LED Lights Last And That Will Save You Money
At first, it might not seem like LEDs are going to be a lucrative switch. They are more expensive than incandescent bulbs, but the prices are dropping. And the way you should really think about it is that LEDs are more of a long term investment. So, while the upfront cost might be a little higher, the payback time is worth it. For example, if you spent $15 on a 60-Watt equivalent LED bulb, the payback will be within a couple of years.
At the end of the day, the technology behind LEDs–the diodes themselves, heat sinking and so on–allows them to extensively outlast incandescent bulbs. Some LEDs can last two decades (or even longer) with average use before they begin to dim, as opposed to an approximate two year life for incandescents. LEDs also experience more of a gradual decline than the sudden burnout experienced with incandescents.
LEDs Use Up A Lot Less Energy
The big picture: LED lighting converts 95% of energy consumed into light, unlike incandescent bulbs, which convert only 10% of energy for light. The 90% of energy remaining is wasted as heat.
A PRACTICAL GUIDE TO LED LIGHTING IN RESIDENTIAL APPLICATION
LED lighting solutions are on the rise. There are more LED products and alternatives available on the market already than there ever have been for traditional incandescent and compact fluorescent (CFL), energy efficient bulbs.
While some LED products might just look like any other light bulb or fluorescent tube, the variety of products, new terminology introduced by the lighting industry and the fact that LED’s are a different technology from what we have been used to for decades can make the switch to LED lighting quite challenging.
Why make the change to LED?
Besides being much more energy efficient than incandescent and CFL options, thus able to provide significant energy savings, they last much longer, don’t contain Mercury like CFL’s and provide a lot more options for brightness and light appearance (warm vs. cool).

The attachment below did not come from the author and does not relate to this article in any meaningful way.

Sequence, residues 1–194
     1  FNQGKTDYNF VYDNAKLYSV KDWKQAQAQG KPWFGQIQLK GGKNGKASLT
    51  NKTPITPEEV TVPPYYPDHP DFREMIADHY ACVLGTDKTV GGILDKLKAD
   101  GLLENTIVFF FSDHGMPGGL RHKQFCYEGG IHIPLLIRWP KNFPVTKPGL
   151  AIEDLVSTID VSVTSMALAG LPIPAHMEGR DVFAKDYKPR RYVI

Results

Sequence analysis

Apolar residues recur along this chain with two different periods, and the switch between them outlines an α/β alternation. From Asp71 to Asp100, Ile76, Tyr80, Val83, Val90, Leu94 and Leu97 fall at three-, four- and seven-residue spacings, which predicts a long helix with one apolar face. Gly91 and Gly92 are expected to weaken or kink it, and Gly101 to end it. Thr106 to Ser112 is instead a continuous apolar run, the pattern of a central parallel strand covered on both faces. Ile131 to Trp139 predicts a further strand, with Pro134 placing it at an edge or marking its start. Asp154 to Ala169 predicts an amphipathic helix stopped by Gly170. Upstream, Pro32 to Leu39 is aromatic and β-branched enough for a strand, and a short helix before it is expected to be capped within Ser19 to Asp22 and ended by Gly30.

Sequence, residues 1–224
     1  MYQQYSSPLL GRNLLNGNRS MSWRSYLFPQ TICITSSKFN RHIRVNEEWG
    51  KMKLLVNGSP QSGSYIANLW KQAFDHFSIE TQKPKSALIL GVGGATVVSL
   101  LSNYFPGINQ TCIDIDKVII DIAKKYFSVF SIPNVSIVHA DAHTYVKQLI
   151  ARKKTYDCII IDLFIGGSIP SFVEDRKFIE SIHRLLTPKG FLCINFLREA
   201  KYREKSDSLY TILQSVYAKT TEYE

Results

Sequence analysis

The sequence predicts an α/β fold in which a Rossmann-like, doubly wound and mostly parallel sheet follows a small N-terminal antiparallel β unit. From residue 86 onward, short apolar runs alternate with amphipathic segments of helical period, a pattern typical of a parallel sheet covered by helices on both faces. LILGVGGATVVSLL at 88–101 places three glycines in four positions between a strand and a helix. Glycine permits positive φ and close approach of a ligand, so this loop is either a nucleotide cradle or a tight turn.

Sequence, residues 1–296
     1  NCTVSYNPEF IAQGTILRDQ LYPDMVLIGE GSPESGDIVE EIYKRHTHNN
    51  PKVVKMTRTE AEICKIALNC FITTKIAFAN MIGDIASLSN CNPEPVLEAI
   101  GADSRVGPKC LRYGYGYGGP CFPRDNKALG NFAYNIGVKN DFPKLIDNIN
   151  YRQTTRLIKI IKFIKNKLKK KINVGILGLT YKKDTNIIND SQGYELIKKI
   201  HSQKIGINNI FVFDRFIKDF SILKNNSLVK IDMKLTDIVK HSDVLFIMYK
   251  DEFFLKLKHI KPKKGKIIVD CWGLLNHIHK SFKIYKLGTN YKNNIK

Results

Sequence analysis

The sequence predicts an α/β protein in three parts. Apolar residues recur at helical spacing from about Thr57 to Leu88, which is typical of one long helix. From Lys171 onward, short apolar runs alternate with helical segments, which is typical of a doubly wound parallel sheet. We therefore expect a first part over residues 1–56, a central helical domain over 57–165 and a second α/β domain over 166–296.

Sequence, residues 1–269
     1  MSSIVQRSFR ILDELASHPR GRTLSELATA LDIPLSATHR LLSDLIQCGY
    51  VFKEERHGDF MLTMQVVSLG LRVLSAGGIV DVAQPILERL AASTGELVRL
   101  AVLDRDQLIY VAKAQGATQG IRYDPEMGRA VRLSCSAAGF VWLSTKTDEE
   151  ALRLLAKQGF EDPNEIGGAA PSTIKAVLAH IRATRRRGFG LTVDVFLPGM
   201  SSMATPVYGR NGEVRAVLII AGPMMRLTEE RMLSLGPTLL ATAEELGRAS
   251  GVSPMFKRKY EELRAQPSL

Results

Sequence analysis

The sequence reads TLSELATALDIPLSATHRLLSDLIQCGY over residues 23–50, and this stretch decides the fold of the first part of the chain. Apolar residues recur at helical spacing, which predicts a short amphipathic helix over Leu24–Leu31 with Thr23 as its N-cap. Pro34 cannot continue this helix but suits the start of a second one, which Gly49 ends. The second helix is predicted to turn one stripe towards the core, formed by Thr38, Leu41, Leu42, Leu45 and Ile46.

When buying traditional incandescent light bulbs, all we needed to pay attention to was the bulb shape, wattage which indicated the brightness of the bulb and the screw base size to make sure it fits into the lamp
First off, we have to let go of the misconception that wattage equals brightness. While for incandescent bulbs wattage and brightness had a direct correlation, this is not true for LED products and since LED’s consume much less power (Watts), it’s impossible to compare brightness of an incandescent and an LED bulb based on wattage.
How do I choose a quality LED lighting manufacturer?
Now a days selecting right LED Lighting manufacturer is getting increasingly complex because of ever increasing vendor base. I have been working as LED Light sourcing consultant for last 5 years and I would like to share few of the pointers out of my experience when you shortlist vendors
Manufacturing setup – This is the most basic criteria to evaluate. You can check for his set up in terms In-house component Mounting equipment, Aging equipment, Photometery and Electrical testing equipment, Packing and Printing equipment, Assembly line, Automation etc. Capacity, quality and maintenance of equipment is critical factor
Processes – Do they have documented and auditable processes for product development, manufacturing, testing, trouble shooting etc?
Manpower quality – What is the strength and quality of manpower in Design, Quality, Production, Administration ?
Sourcing – Do they source components from reputed and established vendors? Process of vendor selection etc